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LOS ANGELES — As Barack Obama’s administration debates the pace and consequences of withdrawal from Iraq, it would do well to examine the strategic impact of other American exits in the final decades of the 20th century. Although American commitments to Lebanon, Somalia, Vietnam and Cambodia differed mightily, history reveals that despite immediate costs to America’s reputation, disengagement ultimately redounded to America’s advantage.

In all of these cases, regional stability of sorts emerged after an American military withdrawal, albeit at the cost of a significant loss of life. America’s former adversaries either became preoccupied with consolidating or sharing power, suffered domestic defeat, or confronted neighboring states. Ultimately, America’s vital interests prevailed. The evidence today suggests that this pattern can be repeated when the United States departs Iraq and leaves Iraqis to define their own fate.

Of the four withdrawals, arguably the 1982-1984 American intervention in Lebanon marks the closest parallel to Iraq today. A country torn by sectarian violence beginning in 1975, Lebanon pitted an even more complex array of contestants against each other than Iraq does today.

Into this fray stepped the U.S. and its Western allies. Their objective was to create a military buffer between the PLO and Israeli forces that were then fighting in Beirut in order to promote the departure of both. The massacres in Palestinian refugee camps prompted a new commitment to “restore a strong and central government” to Lebanon, to quote President Ronald Reagan. But the result of intervention was that U.S. forces became just one more target, culminating in the 1983 bombing of a U.S. Marine barracks that killed 241 American soldiers.

In February 1984, facing a quagmire, Reagan acceded to Vice President George H.W. Bush’s recommendation to get out of Lebanon. But the withdrawal of Western forces did not stop the fighting. The civil war continued for another six years, followed by a bumpy political aftermath: Syrian intervention and expulsion (two decades later), as the Lebanese defined their own fate with the U.S. exercising only background influence.

In 1992, the sirens of Somalia’s political collapse lured the U.S. into another civil war to save a country from itself. The U.S. humanitarian mission to that benighted country sought to salvage a failed United Nations enterprise to secure and feed Somalia’s ravaged population.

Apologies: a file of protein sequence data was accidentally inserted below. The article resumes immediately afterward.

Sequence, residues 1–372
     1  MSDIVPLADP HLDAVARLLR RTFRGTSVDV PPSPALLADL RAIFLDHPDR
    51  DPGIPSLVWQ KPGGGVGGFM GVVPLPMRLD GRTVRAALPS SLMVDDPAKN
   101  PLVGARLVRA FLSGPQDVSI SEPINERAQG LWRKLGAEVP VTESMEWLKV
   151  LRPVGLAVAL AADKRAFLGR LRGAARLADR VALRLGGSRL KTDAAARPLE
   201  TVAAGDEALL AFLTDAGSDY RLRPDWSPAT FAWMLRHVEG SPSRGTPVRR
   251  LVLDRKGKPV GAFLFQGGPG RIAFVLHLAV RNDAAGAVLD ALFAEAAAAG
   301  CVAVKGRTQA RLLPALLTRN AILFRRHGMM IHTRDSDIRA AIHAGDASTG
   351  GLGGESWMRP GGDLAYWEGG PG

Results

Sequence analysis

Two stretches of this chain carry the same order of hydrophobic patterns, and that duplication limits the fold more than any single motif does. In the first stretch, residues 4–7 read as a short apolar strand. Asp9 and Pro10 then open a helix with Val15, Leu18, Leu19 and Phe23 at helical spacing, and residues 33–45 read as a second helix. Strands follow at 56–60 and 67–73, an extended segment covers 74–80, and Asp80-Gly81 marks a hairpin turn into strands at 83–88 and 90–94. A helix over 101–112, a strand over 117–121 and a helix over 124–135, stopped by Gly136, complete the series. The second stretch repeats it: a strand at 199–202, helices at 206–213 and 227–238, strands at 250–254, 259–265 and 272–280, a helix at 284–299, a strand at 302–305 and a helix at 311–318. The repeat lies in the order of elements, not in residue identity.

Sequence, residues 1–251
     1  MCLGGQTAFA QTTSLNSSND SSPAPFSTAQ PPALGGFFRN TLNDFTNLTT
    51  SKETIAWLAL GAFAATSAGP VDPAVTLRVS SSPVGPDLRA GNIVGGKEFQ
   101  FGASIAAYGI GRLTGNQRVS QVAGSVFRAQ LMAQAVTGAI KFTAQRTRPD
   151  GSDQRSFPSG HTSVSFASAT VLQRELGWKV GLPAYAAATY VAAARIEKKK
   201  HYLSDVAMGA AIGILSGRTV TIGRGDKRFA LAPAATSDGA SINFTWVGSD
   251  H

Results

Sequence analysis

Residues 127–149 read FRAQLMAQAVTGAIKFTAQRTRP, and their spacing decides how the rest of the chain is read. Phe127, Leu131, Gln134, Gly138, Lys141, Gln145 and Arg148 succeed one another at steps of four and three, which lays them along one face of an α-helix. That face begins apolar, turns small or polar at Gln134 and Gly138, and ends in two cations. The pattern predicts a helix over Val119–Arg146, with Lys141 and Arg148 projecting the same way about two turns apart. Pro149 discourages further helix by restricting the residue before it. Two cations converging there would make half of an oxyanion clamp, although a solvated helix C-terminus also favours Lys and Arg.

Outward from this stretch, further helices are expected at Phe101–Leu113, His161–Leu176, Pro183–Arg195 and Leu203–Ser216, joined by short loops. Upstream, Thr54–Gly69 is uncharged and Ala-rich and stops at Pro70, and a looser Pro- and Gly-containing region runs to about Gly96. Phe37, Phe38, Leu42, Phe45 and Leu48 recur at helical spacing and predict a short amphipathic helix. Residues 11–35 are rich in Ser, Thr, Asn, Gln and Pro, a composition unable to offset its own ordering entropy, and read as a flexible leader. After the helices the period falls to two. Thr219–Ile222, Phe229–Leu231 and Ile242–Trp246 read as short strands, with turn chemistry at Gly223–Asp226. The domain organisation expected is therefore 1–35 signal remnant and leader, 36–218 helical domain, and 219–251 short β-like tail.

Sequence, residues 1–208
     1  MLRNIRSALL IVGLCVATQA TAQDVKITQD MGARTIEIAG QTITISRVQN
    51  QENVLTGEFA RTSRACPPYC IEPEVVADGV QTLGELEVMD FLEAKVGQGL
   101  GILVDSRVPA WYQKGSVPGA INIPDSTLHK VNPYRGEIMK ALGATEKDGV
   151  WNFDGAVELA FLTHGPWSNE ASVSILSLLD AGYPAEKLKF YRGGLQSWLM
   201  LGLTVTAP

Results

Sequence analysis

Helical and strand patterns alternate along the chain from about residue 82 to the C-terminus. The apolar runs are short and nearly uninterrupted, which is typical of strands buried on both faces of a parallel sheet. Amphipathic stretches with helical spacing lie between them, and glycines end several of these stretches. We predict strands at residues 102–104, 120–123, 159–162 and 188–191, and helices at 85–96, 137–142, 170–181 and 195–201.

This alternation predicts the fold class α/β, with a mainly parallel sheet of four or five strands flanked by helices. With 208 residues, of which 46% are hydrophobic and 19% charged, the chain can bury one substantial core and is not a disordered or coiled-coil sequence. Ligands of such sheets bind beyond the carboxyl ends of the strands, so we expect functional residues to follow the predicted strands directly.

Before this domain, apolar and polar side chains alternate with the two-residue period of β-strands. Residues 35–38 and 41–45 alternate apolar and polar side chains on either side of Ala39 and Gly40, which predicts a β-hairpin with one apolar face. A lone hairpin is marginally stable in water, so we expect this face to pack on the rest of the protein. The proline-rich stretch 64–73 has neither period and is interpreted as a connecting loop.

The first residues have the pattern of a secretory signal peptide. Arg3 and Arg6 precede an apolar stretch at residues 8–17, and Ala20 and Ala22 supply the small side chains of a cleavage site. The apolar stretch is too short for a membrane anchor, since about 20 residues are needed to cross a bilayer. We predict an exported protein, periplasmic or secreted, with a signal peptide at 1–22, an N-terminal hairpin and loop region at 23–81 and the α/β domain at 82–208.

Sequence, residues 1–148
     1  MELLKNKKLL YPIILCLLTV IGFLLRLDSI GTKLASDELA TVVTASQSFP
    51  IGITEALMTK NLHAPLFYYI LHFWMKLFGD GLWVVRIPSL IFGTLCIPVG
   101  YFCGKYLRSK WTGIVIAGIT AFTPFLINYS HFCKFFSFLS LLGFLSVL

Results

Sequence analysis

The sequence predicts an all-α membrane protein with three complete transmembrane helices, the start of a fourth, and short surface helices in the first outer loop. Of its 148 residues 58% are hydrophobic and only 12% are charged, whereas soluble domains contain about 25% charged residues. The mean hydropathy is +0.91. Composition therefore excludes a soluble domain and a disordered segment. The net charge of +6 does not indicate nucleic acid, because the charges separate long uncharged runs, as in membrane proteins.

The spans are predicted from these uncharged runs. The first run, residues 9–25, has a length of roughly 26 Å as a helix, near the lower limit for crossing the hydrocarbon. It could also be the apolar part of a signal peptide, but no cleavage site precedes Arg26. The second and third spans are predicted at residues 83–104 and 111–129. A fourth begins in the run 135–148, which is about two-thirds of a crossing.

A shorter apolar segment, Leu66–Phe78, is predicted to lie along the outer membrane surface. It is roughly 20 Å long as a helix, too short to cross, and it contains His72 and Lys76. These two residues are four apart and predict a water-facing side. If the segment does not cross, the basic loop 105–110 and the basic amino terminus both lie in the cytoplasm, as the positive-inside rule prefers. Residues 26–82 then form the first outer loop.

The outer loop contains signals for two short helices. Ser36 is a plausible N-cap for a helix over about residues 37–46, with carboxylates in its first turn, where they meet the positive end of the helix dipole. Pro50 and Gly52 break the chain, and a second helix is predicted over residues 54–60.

The U.S. committed 28,000 troops, which for a time imposed a modicum of security. But ill-equipped and poorly led U.N. replacement forces for the American presence put the remaining U.S. troops in the bull’s eye as they attempted to bring to justice the Somali warlord responsible for the death of Pakistani peacekeepers. The ensuing bloodbath of U.S. soldiers generated images that the American public could not stomach, prompting the exit of American and then U.N. forces.

As unrest mounted with these military retreats, offshore U.S. forces monitored and intercepted jihadists who sought to enter Somalia, while Kenya and Ethiopia blocked the unrest from metastasizing across the region. In 2006, the capture of Somalia’s capital, Mogadishu, by the Islamic Courts raised the specter of a jihadist state. But Somalia soon demonstrated that quagmires can be a two-way street. Following Ethiopia’s intervention, the Islamists found themselves out of power.

Today, Somalia remains a dysfunctional state, as rival clans, jihadists, and an interim government with Ethiopian support compete for power. The U.S., now out of the quagmire, exercises limited influence from afar.

While Lebanon and Somalia remain damaged and failed states, respectively, regional and domestic factors have cauterized the consequences of America’s retreat from Vietnam and Southeast Asia. The result is the stable region that the world sees today. But the U.S. saw things very differently in the 1960s, when the ghosts of Munich hovered over Vietnam’s jungles.

As President George W. Bush argued about the war in Iraq, President Lyndon Johnson predicted that defeat in Vietnam “would be renewed in one country and then another.” What Johnson failed to foresee were the domestic and regional constraints that would prevent the dominoes from falling in the way he predicted.

Although the U.S. bombed northeastern Cambodia intensely throughout the Vietnam War years, it had no stomach for a ground commitment there. Still within congressional restraints, the Nixon administration attempted to bolster Cambodia’s military government. But, despite modest material support, the U.S. could not sustain a government that could not sustain itself.

Rather than the dominoes falling following America’s retreat from Saigon in 1975, a Vietnam-Cambodian war ensued. This in turn stimulated China’s unsuccessful intervention in North Vietnam. The withdrawal by all of these invading armies to the recognized international boundaries demonstrated that nationalist forces were dominant in the region, not communist solidarity.

None of these American exits was without consequence. But, while the U.S. suffered costs to its reputation around the world, the supposed advantages from this for America’s opponents proved illusory.

America’s departure from Mesopotamia will likewise put the burden of problem solving onto Iraqis and other regional players, leaving the U.S. offshore to assist when and where it deems appropriate. History suggests that, in fits and starts, Iraq, like Vietnam and Lebanon, will find itself able to sort out its own affairs.

Bennett Ramberg served in the U.S. State Department’s Bureau of Politico-Military Affairs during the George H.W. Bush administration. © 2009 Project Syndicate (www.project-syndicate.org)

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